Belfast Telegraph

Irish feel they have right balance for battles ahead


Ireland's Ed Joyce
Ireland's Ed Joyce

By Ian Callender

The Ireland squad arrived in Harare yesterday to be greeted by another downpour, a timely reminder that weather could play a big factor in which teams emerge from the group stages of the World Cup qualifying tournament.

Ireland start their journey, which they hope will end with a place in the final - and qualification for England 2019 - with a game against the dangerous Netherlands tomorrow (7.30am GMT), a clash which was expected to go a long way to determining the vital top three places in Group A.

But with the rainy season in Zimbabwe forecast to drag on, it could be the group games against Papua New Guinea and UAE, the two weakest teams Ireland face in the first stage, that could be the unexpected hurdles.

William Porterfield, the Ireland captain, has already voiced his concern that weather could interfere but for now he can only control the controllables and that is performing on the field, something this squad have been doing very successfully for the last two months.

Their last 10 completed one-day games have been won, one of which was rain-interrupted, and the players could hardly be going into the tournament in better form.

Although dismissed early in the final warm-up game on Thursday, Paul Stirling plundered 156 in each of his previous two innings, while Kevin O'Brien hit two 50s in the four-game tour of South Africa and Andrew Balbirnie, Niall O'Brien and Gary Wilson one each.

The fact that Porterfield and Ed Joyce, still a class act at the age of 39, are just one innings away from a big one also augurs well for the tournament.

Boyd Rankin continues to be a giant in every way with the ball and Tim Murtagh's experience with the new ball should trouble every opening batsman. With 9.30am starts, there is a strong case for putting the opposition in every time and the fact that Scotland were reduced to 60 for six on Thursday only gave credence to that scenario.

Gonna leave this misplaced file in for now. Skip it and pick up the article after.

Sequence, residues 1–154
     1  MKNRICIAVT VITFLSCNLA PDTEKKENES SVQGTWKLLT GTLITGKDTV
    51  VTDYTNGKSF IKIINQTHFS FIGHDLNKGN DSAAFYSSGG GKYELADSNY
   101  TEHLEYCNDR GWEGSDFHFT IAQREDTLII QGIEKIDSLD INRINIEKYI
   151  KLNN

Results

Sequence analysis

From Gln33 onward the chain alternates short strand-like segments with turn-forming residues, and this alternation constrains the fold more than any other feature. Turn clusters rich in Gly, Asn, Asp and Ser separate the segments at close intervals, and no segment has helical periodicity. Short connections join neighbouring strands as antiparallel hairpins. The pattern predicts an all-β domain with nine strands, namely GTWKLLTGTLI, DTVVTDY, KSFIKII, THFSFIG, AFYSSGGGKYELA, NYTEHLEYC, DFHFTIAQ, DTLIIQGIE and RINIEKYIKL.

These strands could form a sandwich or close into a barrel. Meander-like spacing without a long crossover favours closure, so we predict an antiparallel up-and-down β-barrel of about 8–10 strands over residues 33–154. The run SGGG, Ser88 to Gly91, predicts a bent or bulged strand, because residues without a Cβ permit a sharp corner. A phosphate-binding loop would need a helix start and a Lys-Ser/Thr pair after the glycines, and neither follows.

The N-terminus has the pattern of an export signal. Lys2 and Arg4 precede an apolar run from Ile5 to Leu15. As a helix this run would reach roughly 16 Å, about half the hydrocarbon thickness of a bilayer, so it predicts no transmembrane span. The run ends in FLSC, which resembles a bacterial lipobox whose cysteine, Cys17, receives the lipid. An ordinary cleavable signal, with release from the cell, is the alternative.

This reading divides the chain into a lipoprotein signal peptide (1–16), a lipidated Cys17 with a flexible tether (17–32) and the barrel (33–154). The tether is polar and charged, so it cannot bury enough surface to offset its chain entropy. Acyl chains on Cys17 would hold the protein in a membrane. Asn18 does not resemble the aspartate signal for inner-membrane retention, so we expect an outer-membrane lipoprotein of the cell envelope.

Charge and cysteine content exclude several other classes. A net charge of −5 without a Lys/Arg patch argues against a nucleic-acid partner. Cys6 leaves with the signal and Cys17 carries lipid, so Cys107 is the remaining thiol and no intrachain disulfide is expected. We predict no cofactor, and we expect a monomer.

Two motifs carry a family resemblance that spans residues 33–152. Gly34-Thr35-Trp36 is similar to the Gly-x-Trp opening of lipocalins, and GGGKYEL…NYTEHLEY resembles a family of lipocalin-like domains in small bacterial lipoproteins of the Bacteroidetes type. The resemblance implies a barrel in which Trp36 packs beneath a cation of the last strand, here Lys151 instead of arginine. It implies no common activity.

With George Dockrell showing consistency with the ball, he will confidently lead the spin attack, although, unless the Old Hararians pitch looks to be a raging turner, Andy McBrine and Simi Singh will not make the 1st XI, leaving Stirling to give Dockrell any slow support.

But Porterfield is content with the make-up of his side and there will be no excuses.

"We're a pretty balanced side, which gives us great confidence going into the tournament," he said. "Regardless of who we come up against, I believe we can match anything and perform in all aspects of the game.

"Whether it's our seam attack, our batting or the spin department, we have the bases well covered and we're just looking forward to the tournament. The first objective is to reach the Super Six and we're going into Sunday's game in winning form.

"The Dutch are a strong team with a few match-winners, and like any game in the group we're going to have to be at the top of our game to beat them."

The name that must not be mentioned is Ryan ten Doeschate, the Essex captain and a prolific scorer at Associate level for Netherlands. It is unfair to call the Dutch "the Ten Doeschate team" but Ireland know unless they get him relatively early, their task of a making a winning start will be a lot harder.

Belfast Telegraph


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